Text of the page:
As soon as the cut-in speed of the generator regulator has been attained, the relay switch 18 is also energized, closing the circuit for the automatic choke control 20 associated with the choke valve 19, thus commencing the choke-opening process of the automatic choke.
When the ignition switch is turned off, the throttle adjusting element 8 no longer receives current and the engine --in this example a stationary engine--runs down with the throttle valve closed. It is accordingly possible to completely cut off the fuel supply to the engine by means of the small shut-off valve 21 on the customary idler nozzle so as to provide protection against dieseling.
The speed control regulator 1 employed in the above-described embodiment of the invention is shown in detail in FIG. 2. This specific regulator is disclosed in the West German patent publication ("Offenlegungsschrift") No. 2,328,666 published Jan. 2, 1975. As shown in FIG. 2 the regulator comprises a differential amplifier 22 which compares an actual value speed signal applied to its input 23 with the desired value applied to the terminal 2 by the potentiometer 5.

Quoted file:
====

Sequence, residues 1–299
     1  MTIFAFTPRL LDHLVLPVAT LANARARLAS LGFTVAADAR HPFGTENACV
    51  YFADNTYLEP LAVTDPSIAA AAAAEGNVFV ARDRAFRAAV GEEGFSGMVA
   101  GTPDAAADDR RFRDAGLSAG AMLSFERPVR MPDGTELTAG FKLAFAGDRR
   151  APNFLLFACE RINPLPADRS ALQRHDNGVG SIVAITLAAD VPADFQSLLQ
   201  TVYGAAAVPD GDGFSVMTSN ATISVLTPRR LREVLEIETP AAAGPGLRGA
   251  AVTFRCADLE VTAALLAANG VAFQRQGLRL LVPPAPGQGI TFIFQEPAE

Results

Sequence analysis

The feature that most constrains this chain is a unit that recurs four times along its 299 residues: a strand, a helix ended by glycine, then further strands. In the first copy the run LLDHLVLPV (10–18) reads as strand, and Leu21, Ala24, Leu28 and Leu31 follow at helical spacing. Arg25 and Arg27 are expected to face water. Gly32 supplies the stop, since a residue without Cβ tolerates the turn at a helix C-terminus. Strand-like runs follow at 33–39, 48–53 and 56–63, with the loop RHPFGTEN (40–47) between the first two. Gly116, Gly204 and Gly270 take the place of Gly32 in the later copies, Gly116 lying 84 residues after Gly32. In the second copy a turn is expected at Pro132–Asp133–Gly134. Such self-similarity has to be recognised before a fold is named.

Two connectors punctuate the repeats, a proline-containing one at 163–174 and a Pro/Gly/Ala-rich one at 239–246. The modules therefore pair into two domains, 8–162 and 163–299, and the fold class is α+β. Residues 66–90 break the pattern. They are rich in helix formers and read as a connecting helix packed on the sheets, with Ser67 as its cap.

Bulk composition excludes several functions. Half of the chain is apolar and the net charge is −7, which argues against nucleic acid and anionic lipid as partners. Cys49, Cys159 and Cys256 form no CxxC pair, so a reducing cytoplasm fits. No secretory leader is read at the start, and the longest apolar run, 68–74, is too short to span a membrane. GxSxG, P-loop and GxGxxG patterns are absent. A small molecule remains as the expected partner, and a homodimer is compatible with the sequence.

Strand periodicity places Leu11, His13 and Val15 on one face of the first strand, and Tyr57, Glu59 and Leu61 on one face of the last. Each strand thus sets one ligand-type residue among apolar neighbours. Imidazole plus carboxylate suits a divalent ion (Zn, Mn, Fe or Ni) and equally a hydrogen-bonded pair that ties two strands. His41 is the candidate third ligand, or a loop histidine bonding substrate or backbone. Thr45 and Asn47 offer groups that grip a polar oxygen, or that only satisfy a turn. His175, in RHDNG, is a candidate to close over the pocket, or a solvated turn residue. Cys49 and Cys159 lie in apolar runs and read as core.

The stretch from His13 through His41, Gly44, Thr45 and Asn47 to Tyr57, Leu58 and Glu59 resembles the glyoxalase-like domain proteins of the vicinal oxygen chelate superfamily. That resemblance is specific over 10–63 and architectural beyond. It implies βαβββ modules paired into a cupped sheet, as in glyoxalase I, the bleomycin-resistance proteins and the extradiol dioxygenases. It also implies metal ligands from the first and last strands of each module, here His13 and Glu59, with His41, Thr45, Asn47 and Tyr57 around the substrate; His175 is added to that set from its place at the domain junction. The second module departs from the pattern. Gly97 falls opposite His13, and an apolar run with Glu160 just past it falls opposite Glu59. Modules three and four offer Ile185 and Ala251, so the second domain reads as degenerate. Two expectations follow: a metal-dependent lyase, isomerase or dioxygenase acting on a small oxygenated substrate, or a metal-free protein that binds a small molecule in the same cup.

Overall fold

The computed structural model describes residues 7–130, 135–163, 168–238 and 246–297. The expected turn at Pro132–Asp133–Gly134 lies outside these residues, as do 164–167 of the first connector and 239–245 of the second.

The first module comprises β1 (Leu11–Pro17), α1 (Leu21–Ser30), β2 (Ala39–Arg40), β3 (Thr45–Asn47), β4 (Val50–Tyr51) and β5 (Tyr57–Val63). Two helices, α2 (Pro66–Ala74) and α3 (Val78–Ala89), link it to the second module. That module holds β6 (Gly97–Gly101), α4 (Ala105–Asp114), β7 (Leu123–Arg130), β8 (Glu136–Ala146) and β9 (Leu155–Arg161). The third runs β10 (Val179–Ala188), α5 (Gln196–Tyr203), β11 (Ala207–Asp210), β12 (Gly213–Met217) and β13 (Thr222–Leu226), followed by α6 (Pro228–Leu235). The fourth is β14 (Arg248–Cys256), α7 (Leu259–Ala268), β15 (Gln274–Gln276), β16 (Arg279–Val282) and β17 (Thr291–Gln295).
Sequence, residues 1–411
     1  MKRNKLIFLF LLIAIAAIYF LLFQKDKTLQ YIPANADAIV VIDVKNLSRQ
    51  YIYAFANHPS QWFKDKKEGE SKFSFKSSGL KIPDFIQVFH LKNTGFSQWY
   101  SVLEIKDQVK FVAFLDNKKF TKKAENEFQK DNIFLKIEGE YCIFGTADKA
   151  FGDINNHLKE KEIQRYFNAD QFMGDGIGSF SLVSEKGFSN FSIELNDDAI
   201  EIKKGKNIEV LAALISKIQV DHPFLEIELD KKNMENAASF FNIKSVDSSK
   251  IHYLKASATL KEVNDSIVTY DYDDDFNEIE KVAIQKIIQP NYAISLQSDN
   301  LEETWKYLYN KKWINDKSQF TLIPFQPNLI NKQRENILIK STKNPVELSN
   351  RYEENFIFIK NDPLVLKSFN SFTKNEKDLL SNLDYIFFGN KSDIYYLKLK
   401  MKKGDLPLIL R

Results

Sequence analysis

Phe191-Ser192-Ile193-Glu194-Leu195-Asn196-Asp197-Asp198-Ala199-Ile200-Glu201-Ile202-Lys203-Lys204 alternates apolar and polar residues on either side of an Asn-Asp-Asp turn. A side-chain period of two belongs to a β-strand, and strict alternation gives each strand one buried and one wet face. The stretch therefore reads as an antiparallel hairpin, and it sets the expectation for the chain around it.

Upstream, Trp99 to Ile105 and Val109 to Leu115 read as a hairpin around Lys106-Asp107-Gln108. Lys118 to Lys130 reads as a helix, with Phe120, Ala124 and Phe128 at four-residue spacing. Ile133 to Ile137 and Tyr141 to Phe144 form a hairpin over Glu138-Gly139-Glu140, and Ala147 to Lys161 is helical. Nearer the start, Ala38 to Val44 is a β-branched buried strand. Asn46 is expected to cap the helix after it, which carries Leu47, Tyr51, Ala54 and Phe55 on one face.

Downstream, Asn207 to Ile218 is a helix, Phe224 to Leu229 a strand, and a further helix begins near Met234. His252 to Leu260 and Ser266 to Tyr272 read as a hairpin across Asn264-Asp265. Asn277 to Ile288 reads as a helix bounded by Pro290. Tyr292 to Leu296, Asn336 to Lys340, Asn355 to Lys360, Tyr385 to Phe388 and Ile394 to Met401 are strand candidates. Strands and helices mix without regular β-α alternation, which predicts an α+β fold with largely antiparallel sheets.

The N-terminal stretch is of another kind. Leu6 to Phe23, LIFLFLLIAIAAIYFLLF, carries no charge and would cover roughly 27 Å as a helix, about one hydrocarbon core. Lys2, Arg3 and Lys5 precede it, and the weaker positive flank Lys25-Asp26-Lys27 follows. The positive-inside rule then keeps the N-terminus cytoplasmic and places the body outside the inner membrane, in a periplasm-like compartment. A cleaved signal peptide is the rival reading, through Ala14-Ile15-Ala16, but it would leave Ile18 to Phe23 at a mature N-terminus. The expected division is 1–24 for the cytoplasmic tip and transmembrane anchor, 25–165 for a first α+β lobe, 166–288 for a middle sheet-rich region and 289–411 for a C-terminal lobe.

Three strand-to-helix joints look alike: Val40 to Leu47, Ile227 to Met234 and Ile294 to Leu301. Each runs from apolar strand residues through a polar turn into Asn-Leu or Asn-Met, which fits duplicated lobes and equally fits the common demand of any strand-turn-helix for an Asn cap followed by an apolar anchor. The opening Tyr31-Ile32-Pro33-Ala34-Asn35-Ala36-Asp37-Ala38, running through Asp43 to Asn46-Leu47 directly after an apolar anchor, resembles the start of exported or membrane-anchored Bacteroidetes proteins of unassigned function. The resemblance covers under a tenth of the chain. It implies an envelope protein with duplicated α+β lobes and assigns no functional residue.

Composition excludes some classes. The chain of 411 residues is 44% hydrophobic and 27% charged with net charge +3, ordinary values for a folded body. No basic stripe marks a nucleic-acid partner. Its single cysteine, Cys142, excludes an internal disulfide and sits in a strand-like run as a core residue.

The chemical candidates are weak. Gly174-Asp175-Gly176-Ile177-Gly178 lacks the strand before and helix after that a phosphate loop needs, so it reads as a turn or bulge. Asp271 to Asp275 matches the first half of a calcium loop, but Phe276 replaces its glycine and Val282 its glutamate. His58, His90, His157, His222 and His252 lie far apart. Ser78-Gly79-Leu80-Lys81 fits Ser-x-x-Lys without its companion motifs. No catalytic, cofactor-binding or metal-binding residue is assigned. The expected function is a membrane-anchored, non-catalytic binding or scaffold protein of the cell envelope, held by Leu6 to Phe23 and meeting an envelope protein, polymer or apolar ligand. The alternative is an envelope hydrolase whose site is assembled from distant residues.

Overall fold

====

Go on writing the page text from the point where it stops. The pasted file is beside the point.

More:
The ignition pulses which may, for example, be obtained from the breaker points of the engine are applied through a voltage divider 24 comprising resistors R1, R2 to a pulse shaping circuit 25. This circuit 25 includes an integrated circuit which transforms the oscillating pulses resulting from the presence of the ignition coil in the ignition circuit into squarewave pulses of constant amplitude. The squarewave pulses are integrated by one or more R/C circuits 26 which, in the illustration, consist of the circuit elements R4 and C4. The voltage signal so formed, which represents the actual value of engine speed, is fed through an input resistor R5 to the differential amplifier 22. Controlled feedback is provided in the known manner by means of the circuit 27.